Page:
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  • Voices Rising: Asian Canadian Cultural Activism
  • Guida Man
Xiaoping Li . Voices Rising: Asian Canadian Cultural Activism. Vancouver: University of British Columbia Press, 2007. viii + 307 pp. Notes. Bibliography. Index. Illustr. $85.00 hc. $29.95 sc.

Voices Rising: Asian Canadian Cultural Activism is an important and accomplished pioneering work on Asian Canadian cultural activism. It covers three decades, from the 1970s to the beginning of the millenium, documenting a period of deep political and social consciousness among Asian Canadians, whose cultural production/expression signifies a coming-of-age of their cultural activism, and representing a key component of the Asian Canadian political and social movement. Relegated to the periphery by the mainstream English-French centrality, these grassroots community artists and activists utilized their creative agency as a liberating tool to engage in the production of new consciousness, and actively sought to intervene and challenge injustices and disrupt the hegemonic social relations and power structures existing in society. Their efforts have contributed to the betterment of racialized communities, but more importantly, they have informed the democratization and transformation of Canadian society itself.

The book is divided into two parts. Part 1, "Mapping Asian Canadian Cultural Activism," is comprised of six chapters, detailing the author's theoretical analysis of the Asian Canadian movement. In these chapters, Li discusses the issues of problematizing culture as a site of struggle, the emergence and fostering of Asian Canadian culture, Asian Canadian identity, history as a source of cultural production, community building, and Asian Canadian women activists. Part 2, "Voices," is divided into three historical stages: "Emergence" covers the foundational period of the Asian Canadian movement between 1970 and the mid-1980s; "Cross the Threshold" covers the late 1980s to the 1990s, a period of identity and cultural politics; and the third stage, "Moving Ahead," heralds the beginning of the new millennium in an era of "diversity" and "inclusion." In each stage, she presents in detail the rich narratives from her interviews with cultural activists to capture and illustrate the critical moments and impulses at a particular historical juncture of the Asian Canadian social and political movement. In the Epilogue, the author highlights the need to establish Asian Canadian Studies as part of a critical, transformative discourse by comparing the current embryonic state of Asian Canadian Studies with the well developed Asian American Studies.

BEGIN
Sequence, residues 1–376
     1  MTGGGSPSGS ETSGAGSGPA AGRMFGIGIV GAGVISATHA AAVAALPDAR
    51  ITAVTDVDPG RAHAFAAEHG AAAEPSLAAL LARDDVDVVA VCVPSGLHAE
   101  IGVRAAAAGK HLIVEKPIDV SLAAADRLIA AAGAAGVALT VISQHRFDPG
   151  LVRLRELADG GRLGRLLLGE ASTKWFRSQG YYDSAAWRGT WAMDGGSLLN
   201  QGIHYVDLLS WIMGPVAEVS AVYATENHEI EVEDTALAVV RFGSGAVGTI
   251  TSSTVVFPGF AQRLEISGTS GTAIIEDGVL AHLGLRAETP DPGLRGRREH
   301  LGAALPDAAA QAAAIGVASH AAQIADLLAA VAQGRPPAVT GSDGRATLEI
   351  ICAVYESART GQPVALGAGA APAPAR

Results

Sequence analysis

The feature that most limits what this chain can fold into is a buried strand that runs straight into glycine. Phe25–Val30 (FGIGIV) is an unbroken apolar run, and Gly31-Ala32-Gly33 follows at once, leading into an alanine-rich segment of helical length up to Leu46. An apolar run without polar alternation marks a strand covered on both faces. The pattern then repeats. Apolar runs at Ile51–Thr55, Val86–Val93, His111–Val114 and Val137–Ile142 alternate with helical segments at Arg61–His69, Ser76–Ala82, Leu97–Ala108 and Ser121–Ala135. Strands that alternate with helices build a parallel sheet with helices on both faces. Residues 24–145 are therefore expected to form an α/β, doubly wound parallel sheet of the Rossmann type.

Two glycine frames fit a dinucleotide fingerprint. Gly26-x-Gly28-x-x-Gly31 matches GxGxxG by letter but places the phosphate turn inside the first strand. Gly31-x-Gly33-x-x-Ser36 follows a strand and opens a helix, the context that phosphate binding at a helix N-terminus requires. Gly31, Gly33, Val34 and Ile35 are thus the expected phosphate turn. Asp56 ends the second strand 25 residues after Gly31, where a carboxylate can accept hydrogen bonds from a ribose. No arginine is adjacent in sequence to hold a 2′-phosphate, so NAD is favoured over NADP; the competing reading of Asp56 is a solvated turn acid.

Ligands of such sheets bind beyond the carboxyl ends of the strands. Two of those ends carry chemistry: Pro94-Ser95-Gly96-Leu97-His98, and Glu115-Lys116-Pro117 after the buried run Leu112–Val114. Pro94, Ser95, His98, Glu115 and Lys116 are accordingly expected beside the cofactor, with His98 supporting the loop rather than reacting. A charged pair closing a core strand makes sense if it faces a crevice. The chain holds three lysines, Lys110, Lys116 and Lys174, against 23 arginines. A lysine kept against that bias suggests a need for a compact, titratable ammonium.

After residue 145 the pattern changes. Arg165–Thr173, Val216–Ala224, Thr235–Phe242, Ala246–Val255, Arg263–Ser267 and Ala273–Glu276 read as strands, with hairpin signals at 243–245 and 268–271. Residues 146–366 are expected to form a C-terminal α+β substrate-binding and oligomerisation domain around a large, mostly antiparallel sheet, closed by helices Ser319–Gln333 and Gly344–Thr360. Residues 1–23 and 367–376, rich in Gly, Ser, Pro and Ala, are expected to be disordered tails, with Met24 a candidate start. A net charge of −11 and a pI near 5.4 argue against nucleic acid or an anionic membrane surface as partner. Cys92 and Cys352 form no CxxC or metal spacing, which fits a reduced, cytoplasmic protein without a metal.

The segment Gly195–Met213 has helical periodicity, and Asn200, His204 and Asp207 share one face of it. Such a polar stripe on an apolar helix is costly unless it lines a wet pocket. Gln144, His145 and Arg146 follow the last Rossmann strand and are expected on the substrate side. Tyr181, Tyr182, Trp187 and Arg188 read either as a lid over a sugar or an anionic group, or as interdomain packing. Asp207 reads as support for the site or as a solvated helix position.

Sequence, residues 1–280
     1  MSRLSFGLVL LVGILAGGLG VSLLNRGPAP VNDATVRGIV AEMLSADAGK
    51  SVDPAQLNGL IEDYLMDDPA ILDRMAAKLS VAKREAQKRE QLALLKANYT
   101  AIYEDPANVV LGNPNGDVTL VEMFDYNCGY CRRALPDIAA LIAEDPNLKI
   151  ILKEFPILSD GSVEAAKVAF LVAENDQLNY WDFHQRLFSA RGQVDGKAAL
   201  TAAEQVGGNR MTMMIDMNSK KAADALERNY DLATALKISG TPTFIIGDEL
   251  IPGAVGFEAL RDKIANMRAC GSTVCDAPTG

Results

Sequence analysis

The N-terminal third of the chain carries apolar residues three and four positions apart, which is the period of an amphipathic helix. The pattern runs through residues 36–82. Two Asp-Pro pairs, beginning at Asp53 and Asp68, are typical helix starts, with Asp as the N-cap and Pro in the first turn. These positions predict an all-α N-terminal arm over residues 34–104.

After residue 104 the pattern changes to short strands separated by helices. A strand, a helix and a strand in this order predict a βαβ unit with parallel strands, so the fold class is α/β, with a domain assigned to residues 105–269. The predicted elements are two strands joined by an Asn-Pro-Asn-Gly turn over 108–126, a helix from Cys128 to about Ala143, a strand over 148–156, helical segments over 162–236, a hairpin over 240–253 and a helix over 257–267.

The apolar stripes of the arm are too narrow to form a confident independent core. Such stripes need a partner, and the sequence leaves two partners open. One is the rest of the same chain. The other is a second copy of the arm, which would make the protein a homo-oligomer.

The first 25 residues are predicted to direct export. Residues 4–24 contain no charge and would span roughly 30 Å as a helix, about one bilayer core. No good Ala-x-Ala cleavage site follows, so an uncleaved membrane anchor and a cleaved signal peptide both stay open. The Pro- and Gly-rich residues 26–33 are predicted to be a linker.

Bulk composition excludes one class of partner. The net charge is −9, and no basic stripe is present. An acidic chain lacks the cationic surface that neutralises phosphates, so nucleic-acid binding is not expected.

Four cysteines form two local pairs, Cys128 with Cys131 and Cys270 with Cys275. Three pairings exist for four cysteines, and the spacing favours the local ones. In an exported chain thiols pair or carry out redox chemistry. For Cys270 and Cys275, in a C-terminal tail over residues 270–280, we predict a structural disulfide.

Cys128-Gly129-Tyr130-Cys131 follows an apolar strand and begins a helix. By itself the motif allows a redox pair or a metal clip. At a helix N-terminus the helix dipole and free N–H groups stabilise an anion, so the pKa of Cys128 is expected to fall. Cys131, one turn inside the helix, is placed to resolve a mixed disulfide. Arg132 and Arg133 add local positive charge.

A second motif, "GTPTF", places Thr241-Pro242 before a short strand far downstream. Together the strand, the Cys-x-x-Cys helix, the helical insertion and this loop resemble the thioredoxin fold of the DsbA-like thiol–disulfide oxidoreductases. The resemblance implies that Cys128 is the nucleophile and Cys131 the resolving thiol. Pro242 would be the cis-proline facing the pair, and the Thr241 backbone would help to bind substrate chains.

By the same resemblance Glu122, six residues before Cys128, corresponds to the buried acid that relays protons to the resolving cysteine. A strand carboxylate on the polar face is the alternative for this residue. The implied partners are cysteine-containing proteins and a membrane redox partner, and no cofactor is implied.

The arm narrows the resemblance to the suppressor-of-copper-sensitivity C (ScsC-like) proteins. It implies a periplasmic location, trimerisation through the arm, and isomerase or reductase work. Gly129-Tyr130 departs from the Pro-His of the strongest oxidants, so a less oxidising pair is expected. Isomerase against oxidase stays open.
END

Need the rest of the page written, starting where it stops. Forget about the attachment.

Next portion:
The author's theoretical framework is informed by postmodernist cultural studies, postcolonial theory, writers such as Stuart Hall, Antonio Gramsci, Edward Said, Canadian scholars such as Roy Miki, Diana Brydon, and Himani Bannerji, as well as globalization, transnational/transcultural, and diaspora theories. Using an ethnographic approach, snowball sampling techniques, and semi-structured interviews, Li collected the personal stories of over fifty cultural activists, primarily in Vancouver and Toronto between 1997 and 2004. These activists come from different artistic disciplines: writers, visual artists, filmmakers, performing artists, and scholars, and include such known artists as Terry Aoki, Tamio Wakayama, Keith Lock, Mina [End Page 207] Shum, Kyo Maclear, Alvin Erasga Tolentino, and Jen Lam. Voices Rising presents twenty interviews with cultural activists. Each interview is unique, and tells the stories of each individual's journey—as a member of a racialized community who experiences racism, class discrimination, sexism and/or homophobia—to becoming an Asian Canadian community activist.

The author's decision to publish fewer interviews, but to present them in their entirety, has proven to be a sound one. In this way, she succeeds in allowing the voices of the interviewees to come through without adulterating the narratives with her editing and interpretation. The reader is, therefore, able to be drawn into the activist's stories, and to understand the world from his/her own experiences, personal struggles, trials and tribulations, and social and political awakening.

Embarking on an ambitious project such as this one is not without its challenges. The majority of the voices presented in the book are of Chinese and Japanese background. There is a startling absence of the voices of South Asian cultural activists. Li's decision to not interview South Asian activists, admittedly due to her lack of knowledge about South Asian communities, is regrettable. However, the omission of South Asians in the book would, as...


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